When you have been charged or arrested for aggravated assault, you might feel shaken and scared. What happened could have been an accident or self-defense. Maybe things just went wrong that day. But now you face a felony conviction and prison time. Being found guilty can take away years of your freedom and leave a permanent mark on your record. This is not a road you need to walk alone. An experienced assault attorney could help.
Regardless of what happened that landed you with these charges, an Upper Marlboro aggravated assault lawyer could help evaluate the case and provide information about possible defenses.
What Does Aggravated Assault Mean?
There is no specific crime of “aggravated assault” in Maryland. The police use the term “aggravated” to describe an assault they believe was particularly bad, generally because it resulted in serious physical injury. The prosecutor will charge the assault as either first-degree or second-degree assault.
Aggravated assault is more commonly charged as first-degree assault, which is when someone intentionally causes or attempts to cause, serious physical injury to another person. In addition to causing serious physical injury, an assault might fall into the aggravated category if it:
- Involved a weapon
- Was motivated by hate
- Could have caused death
- Targeted a vulnerable person
- Was especially cruel or vicious
The more serious, permanent, and debilitating the injury, the more likely it is going to be classified as aggravated first-degree assault. Examples might include scarring on the face or body, loss of an eye or limb, skull fractures, traumatic brain injury, paralysis, or internal organ damage.
Bar fights, domestic disturbances, disagreements between neighbors, and road rage incidents are all everyday scenarios that could result in an aggravated assault charge. Any situation leading to an aggravated assault charge can benefit from the critical eye of an experienced Upper Marlboro lawyer, as there might be defenses available or other ways to fight the case.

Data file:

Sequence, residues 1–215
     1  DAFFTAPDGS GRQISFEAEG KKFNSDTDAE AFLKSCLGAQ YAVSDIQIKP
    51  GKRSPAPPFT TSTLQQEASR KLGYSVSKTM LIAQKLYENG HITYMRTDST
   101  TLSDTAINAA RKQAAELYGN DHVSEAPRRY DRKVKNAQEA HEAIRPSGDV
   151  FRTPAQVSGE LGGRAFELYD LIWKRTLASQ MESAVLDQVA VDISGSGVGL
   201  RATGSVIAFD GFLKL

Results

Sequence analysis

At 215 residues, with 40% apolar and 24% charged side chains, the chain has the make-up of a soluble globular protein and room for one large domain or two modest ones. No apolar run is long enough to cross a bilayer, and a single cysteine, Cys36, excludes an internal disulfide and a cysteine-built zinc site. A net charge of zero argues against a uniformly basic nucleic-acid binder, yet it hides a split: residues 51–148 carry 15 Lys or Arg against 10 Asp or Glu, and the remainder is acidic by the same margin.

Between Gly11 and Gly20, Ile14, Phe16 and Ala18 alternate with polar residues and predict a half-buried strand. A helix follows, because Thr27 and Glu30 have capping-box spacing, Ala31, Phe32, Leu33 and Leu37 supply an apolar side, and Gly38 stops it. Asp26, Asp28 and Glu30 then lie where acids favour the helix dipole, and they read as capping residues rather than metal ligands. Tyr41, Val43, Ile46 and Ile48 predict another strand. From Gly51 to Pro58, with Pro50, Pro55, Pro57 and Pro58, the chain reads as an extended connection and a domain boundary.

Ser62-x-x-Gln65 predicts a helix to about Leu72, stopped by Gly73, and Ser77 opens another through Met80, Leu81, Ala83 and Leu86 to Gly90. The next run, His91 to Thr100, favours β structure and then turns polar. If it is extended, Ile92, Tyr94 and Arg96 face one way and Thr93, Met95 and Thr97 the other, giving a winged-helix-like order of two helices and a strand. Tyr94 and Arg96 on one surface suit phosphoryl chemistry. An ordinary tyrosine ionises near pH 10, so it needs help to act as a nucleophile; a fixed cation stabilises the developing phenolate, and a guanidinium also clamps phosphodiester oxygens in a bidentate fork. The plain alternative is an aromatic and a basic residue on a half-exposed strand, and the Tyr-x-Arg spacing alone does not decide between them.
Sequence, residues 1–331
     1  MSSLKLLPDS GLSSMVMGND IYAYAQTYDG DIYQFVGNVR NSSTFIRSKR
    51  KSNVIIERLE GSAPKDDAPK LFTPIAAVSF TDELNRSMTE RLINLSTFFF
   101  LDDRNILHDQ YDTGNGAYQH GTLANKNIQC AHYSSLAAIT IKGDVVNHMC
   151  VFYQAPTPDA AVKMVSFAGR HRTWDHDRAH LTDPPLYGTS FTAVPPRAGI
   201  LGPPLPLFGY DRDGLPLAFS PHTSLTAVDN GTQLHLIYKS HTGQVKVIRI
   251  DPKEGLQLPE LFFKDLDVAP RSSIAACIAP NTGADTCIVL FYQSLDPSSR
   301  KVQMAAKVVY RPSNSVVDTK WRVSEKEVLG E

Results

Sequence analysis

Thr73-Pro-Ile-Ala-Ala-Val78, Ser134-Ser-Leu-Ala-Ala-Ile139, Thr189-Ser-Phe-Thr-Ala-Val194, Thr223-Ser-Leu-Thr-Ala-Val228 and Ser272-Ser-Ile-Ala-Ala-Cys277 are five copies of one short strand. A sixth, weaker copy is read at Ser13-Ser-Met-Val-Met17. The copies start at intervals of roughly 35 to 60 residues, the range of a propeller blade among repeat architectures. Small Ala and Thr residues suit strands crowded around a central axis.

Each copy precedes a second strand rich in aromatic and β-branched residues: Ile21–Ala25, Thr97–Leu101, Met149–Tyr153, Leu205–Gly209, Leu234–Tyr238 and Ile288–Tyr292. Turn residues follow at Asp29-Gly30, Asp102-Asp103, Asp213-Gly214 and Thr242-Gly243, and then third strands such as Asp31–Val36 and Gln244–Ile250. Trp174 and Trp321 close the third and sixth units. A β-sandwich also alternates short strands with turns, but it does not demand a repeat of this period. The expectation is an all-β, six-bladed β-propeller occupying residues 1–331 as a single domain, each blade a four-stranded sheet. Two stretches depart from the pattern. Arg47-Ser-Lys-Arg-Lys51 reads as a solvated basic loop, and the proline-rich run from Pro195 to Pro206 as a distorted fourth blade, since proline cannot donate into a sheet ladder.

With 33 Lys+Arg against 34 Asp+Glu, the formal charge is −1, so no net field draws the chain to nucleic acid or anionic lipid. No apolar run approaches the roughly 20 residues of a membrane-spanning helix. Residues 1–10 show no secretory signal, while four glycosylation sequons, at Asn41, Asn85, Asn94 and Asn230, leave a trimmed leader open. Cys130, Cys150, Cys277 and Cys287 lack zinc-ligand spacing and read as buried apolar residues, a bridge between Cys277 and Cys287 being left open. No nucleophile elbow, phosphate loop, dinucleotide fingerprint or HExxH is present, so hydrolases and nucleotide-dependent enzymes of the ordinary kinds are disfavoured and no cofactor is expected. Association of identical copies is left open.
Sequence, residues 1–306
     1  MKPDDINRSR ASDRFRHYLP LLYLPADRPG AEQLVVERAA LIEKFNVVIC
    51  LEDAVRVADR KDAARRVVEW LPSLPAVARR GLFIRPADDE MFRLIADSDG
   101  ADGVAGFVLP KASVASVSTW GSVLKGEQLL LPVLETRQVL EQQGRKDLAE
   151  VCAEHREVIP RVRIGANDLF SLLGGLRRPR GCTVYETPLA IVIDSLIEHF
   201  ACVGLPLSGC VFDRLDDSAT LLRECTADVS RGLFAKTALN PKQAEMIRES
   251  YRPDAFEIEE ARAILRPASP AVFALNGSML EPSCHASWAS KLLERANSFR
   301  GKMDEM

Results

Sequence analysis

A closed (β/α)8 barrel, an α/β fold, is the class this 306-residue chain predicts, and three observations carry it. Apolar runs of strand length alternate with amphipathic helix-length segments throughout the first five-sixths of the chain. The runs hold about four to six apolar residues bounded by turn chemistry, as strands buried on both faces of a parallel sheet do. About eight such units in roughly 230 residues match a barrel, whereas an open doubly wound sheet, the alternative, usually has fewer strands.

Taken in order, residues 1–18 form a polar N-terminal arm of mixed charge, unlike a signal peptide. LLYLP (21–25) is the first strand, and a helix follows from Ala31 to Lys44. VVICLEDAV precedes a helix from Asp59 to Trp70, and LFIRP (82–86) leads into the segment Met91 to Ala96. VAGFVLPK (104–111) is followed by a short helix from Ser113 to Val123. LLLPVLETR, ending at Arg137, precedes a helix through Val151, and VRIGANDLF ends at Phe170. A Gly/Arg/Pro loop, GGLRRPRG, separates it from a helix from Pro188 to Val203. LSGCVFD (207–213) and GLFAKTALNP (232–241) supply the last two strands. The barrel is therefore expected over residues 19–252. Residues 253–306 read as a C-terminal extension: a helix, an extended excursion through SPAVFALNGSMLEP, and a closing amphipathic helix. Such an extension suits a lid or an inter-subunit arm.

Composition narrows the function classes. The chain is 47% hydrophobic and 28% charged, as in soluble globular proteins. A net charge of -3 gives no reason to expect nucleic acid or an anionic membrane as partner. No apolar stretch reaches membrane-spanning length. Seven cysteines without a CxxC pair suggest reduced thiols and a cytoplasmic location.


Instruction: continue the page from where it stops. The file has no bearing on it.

Penalties for Aggravated Assault
If charged as first-degree assault, the penalty is up to 25 years in prison. If an aggravated assault charge is marked as second-degree assault, the penalty is up to 10 years in jail, a fine, or both.
Potential Aggravated Assault Defenses
Just because someone has been accused of aggravated assault does not mean they will be convicted. Multiple defenses may apply depending on the specific details of the assault in question. One example is the lack of intent to hurt anyone. If a softball player accidentally hits someone while doing warm-up swings, this might cause significant injury but would not be aggravated assault due to its accidental nature. On the other hand, if that player intentionally strikes an opposing team member out of malice because they lost the game, that could be aggravated assault if the injuries were serious enough.
Lack of serious injury, lack of evidence, inconsistent statements, self-defense, defense of others, mistaken identity, or police misconduct are other possible defenses. An Upper Marlboro aggravated assault attorney could review the details of the situation to see if any of these defenses might apply.
Contact an Upper Marlboro Aggravated Assault Attorney for Help
Even though aggravated assault is a serious charge, there might be ways you could fight the case or lessen the potential penalties. With so much at stake, this is no time to take chances. An Upper Marlboro aggravated assault lawyer could help. Call our firm today to speak with a dedicated legal advocate.